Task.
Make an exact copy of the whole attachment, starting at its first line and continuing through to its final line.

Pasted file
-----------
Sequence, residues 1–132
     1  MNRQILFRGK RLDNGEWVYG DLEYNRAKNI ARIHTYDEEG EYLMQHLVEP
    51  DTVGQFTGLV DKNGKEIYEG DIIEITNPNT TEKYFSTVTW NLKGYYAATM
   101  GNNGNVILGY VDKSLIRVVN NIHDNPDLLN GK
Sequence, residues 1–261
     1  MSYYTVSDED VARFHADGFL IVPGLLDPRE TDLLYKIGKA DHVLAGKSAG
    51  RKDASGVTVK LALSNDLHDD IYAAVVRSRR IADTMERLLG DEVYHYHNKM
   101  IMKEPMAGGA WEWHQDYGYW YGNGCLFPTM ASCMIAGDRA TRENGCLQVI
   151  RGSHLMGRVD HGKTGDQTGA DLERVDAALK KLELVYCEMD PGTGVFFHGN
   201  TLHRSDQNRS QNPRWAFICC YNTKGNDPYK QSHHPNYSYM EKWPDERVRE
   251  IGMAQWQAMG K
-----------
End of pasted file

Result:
Sequence, residues 1–132
     1  MNRQILFRGK RLDNGEWVYG DLEYNRAKNI ARIHTYDEEG EYLMQHLVEP
    51  DTVGQFTGLV DKNGKEIYEG DIIEITNPNT TEKYFSTVTW NLKGYYAATM
   101  GNNGNVILGY VDKSLIRVVN NIHDNPDLLN GK
Sequence, residues 1–261
     1  MSYYTVSDED VARFHADGFL IVPGLLDPRE TDLLYKIGKA DHVLAGKSAG
    51  RKDASGVTVK LALSNDLHDD IYAAVVRSRR IADTMERLLG DEVYHYHNKM
   101  IMKEPMAGGA WEWHQDYGYW YGNGCLFPTM ASCMIAGDRA TRENGCLQVI
   151  RGSHLMGRVD HGKTGDQTGA DLERVDAALK KLELVYCEMD PGTGVFFHGN
   201  TLHRSDQNRS QNPRWAFICC YNTKGNDPYK QSHHPNYSYM EKWPDERVRE
   251  IGMAQWQAMG K